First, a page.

PHOENIX Authorities on Monday evacuated more tourists and residents from a remote offshoot of the Grand Canyon where weekend flooding caused by heavy rains and a breached dam nearly washed away some rafters in the rugged gorge.
Rescue crews planned to transport 120 tourists and residents out of Supai Canyon by day's end, but many people elected to stay, said Gerry Blair, a spokesman for the Coconino County Sheriff's Department. Some 400 Havasupai tribe members live in the village of Supai, which is at the bottom of the canyon.
"By the end of the day, if the weather cooperates, we can probably get all of our tourists out of there," Blair said.
Helicopters had evacuated about 170 visitors and residents from Supai by Sunday night.
No damage was reported in the village, which is accessible only by trail and helicopter, but officials said some trees were uprooted and some downstream trails and footbridges were washed out.
There were no reports of injuries. Authorities on the ground and in the air were searching for about 11 campers and tourists who remained unaccounted for, though they may have left on their own, Blair said.
The situation was "certainly nowhere near as dangerous as it was yesterday," he said Monday.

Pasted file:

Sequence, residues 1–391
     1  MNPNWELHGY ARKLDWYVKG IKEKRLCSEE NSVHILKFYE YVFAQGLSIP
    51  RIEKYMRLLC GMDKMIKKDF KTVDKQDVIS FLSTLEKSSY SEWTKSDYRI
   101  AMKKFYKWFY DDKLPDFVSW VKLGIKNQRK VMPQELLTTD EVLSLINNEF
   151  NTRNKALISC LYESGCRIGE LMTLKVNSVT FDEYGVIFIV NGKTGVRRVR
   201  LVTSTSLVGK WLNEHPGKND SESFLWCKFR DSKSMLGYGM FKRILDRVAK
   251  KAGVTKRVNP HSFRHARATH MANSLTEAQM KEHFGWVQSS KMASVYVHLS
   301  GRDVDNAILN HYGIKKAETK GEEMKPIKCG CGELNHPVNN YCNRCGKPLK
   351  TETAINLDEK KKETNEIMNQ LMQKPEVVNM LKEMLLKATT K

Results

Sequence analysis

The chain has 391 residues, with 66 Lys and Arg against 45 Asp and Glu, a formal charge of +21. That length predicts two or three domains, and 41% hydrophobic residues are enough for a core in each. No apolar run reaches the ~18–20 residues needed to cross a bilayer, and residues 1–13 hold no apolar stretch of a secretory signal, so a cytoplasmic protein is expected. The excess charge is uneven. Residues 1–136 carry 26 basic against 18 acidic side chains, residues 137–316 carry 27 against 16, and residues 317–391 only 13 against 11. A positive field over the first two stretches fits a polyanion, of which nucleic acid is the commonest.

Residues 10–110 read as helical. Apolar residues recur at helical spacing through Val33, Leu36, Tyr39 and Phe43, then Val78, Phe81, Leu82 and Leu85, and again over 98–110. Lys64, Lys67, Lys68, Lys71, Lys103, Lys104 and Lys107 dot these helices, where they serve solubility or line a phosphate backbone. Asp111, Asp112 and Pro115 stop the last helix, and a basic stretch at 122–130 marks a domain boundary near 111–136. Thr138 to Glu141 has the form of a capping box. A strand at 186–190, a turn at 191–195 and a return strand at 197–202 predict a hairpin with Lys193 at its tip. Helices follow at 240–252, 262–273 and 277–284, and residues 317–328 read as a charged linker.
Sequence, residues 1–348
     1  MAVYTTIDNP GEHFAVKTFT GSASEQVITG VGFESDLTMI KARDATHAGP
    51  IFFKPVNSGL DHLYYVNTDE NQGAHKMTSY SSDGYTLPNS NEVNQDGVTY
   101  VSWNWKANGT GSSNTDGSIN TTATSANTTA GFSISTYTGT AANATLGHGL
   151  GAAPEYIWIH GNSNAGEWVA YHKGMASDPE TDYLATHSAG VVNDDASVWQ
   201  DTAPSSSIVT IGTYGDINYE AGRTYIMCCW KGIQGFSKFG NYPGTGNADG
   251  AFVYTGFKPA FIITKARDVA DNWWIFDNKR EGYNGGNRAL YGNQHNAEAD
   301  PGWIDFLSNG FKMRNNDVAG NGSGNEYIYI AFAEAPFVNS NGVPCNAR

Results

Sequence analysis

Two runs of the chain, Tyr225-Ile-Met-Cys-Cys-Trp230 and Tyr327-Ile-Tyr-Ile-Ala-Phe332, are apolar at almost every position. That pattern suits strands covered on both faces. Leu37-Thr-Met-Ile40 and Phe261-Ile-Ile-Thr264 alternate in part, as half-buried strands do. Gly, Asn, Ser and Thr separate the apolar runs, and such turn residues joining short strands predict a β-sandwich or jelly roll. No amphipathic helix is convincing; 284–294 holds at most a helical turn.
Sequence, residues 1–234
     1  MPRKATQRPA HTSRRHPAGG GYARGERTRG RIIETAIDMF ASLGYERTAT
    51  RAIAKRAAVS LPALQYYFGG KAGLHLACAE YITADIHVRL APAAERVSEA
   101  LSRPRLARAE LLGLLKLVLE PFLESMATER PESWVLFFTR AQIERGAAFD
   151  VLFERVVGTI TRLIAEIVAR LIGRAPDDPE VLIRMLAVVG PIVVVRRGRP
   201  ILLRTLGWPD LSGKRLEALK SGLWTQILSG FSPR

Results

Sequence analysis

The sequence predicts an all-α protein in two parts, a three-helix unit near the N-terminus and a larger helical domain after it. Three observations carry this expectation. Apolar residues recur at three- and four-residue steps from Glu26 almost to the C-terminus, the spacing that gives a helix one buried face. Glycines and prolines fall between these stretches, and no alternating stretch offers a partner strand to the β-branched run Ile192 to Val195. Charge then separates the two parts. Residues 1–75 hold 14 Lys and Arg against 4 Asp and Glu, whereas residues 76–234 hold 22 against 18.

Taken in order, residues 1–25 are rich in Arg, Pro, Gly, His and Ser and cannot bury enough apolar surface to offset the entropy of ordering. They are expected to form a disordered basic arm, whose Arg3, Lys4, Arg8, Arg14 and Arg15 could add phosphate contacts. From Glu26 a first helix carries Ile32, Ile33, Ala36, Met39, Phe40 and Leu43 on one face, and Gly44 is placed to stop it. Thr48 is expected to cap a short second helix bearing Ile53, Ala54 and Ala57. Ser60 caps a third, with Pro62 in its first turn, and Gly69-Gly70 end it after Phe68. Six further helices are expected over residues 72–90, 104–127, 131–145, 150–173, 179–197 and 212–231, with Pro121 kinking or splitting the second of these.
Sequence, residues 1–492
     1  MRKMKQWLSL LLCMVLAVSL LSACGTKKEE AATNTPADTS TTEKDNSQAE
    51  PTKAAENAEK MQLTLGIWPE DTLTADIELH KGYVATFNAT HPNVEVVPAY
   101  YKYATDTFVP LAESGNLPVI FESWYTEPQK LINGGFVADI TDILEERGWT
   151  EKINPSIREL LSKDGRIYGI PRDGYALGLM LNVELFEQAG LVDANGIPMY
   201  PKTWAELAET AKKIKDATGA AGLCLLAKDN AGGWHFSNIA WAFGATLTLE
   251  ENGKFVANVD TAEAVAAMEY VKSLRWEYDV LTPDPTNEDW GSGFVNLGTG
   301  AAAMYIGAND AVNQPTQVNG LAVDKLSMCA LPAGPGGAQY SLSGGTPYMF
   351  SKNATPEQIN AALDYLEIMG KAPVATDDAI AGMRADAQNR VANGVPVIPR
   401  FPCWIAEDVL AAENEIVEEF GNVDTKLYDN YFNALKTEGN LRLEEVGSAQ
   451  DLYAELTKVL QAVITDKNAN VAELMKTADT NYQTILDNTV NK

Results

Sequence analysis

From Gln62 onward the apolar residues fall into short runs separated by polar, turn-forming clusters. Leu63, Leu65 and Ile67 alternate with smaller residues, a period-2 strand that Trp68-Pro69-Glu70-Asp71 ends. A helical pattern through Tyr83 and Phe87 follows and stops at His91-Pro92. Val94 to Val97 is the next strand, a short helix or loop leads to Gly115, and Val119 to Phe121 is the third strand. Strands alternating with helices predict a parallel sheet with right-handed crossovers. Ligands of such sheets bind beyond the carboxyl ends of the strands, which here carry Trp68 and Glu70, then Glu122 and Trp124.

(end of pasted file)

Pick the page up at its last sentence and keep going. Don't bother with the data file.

Mimi Mills and 15 others were rescued Sunday morning after a flash flood washed away their rafts while they were on a hike the afternoon before. Mills was among about 35 evacuees who spent Sunday night at a shelter in Peach Springs, about 65 miles southwest of Supai.
"It was definitely frightening, and there was a lot of, 'Whoa, what are we going to do next and what's the morning going to bring?" Mills, 42, of Nevada City, Calif., told The Associated Press in a phone interview Monday.
She said the group took shelter overnight under an overhang, but had to scramble up a cliff when another flash flood occurred in the middle of the night.
"I woke up to people yelling, 'We've got to get out of here!"' she said. "We booked it up a cliff in 10 seconds, and we just saw this massive rush of water rage down the creek side."
Rescuers worked throughout Sunday to locate campers and Supai residents and evacuate them to the top of the canyon if they wished. Blair said tourists were not being allowed back into the canyon.
The canyon, on tribal land, is a less-traveled alternative to Grand Canyon National Park to the east. Visitors hike several miles down the canyon to reach a series of spectacular waterfalls.
The area of northern Arizona got 3 to 6 inches of rain Friday and Saturday and about 2 inches more on Sunday, said Daryl Onton, a National Weather Service meteorologist in Flagstaff. Early Monday, about 0.80 of an inch more fell on the area, the weather service said.
"That's all it took just a few days of very heavy thunderstorms," Onton said.
About 6 a.m. Sunday, the Redlands Earthen Dam about 45 miles upstream from Supai was breached, park officials said. The small dam forms a pond to provide water for livestock. It isn't a "huge, significant" structure and its rupture was only one factor in the flooding, said Blair.
In 2001, flooding near Supai swept a 2-year-old boy and his parents to their deaths while they were hiking.
Associated Press Writer Mark Carlson contributed to this report.